Ability Grows with Effort
We can create an environment in our homes that supports and reinforces the belief that ability grows with effort. Dr. Noonan explains how to support your child in understanding the concept that ability grows with effort through a list of expectations you might adopt and refer to regularly.
The Power of "Yet"
Another way to focus on our effort and progress is to harness the power of the word, “yet.” Watch as Dr. Noonan explains this powerful strategy for perseverance.
Clip 5: Mastery
When we examine the component, focus on your effort, progress, and learning, several key points might be highlighted. The first is to focus on your effort. Many times, we look at others and see their success and think they must just be inherently “smart;” however, we need to remember that success comes with effort. Additionally, reminding ourselves of past accomplishments can increase our confidence in our abilities. Students can benefit from reflecting on accomplishments and the effort and progress involved in those accomplishments. Listen as Dr. Noonan explains how you might use a Mastery Log to help your teen focus on how effort and progress leads to learning.
Clip 6: Progress (2:53)
Izzy Explains Mastery Log and Effort and Progress Tracker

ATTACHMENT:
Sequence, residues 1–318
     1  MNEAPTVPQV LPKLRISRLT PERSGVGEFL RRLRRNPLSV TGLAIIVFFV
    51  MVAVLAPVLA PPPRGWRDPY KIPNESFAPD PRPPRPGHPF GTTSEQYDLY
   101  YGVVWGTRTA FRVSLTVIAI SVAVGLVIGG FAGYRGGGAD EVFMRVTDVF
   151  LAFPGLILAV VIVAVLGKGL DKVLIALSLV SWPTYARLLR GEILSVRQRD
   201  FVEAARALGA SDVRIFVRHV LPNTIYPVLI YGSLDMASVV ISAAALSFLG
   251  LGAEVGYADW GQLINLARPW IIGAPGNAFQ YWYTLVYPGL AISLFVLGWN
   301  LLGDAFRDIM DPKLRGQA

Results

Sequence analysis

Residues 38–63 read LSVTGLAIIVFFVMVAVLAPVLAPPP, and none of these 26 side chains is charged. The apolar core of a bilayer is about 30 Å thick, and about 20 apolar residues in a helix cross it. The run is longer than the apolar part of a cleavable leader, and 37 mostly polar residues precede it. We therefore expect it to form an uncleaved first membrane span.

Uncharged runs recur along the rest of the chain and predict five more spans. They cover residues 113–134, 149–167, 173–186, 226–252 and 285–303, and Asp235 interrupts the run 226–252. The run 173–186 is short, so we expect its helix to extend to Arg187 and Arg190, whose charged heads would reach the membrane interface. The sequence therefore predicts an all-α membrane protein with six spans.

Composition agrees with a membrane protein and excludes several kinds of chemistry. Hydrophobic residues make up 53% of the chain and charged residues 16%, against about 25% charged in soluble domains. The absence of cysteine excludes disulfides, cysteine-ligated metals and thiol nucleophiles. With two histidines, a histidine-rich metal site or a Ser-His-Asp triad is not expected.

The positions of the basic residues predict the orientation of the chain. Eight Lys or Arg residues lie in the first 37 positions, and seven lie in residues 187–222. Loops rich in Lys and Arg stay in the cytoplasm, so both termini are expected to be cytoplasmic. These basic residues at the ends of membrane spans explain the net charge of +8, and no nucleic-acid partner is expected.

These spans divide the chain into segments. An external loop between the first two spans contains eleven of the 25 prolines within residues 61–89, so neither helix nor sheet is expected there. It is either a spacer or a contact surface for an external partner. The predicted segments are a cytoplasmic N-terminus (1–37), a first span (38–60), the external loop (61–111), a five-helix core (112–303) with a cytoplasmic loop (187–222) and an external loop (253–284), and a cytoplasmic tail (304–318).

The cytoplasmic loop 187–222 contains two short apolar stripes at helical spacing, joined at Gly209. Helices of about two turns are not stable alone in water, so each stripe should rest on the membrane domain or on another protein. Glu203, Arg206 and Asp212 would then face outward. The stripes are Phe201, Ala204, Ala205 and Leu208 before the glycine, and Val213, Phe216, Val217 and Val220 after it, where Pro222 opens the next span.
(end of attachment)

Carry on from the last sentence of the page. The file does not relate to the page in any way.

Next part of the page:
Now let’s get Izzy’s ideas on how she uses the Mastery Log and how she focuses on effort and progress to help keep her self-efficacy high. Show this video to your teen and discuss the key concepts.
All of us appreciate praise when we accomplish something that was difficult. However, listen as Dr. Noonan discusses some important things to keep in mind when praising your child’s effort and progress.
Now that you have learned about self-efficacy and how it can increase your child’s ability to persist through challenges, consider using the following steps to support your teen in understanding and developing self-efficacy.
1. Show the student videos explaining self-efficacy, the four sources, and the mastery log to your child and discuss the concepts. Refer to these concepts as the topics arise naturally. Share situations when your self-efficacy was low and how you worked to increase your self-efficacy through focusing on your effort and progress.
2. Use the Fixed Versus Growth Mindset Comparison Chart to explain to your child that intelligence is not fixed, but can be grown with effort. When your child tells you that he or she can’t do something or isn’t good at it, ask why they think that. Focus on your child’s past learning, and add the word “yet” to your child’s fixed mindset statements (for example, “I can’t do this—yet”).
3. Talk about the brain as a muscle that grows stronger with exercise. Statements like, “I know, I was never good at math,” or “Our family is good at a lot of things, but math isn’t one of them,” reinforce negative, fixed mindsets. However, reinforcing the concept that ability can grow builds self-efficacy, which helps your child take on and master challenges.
4. Show the Fixed Versus Growth Mindset video and discuss how mistakes help us learn and improve. Encourage your child to consider why mistakes are an important part of learning; ask them to think about specific challenges they are facing and discuss how a growth mindset could help.
- National Center on Educational Outcomes (NCEO) Videos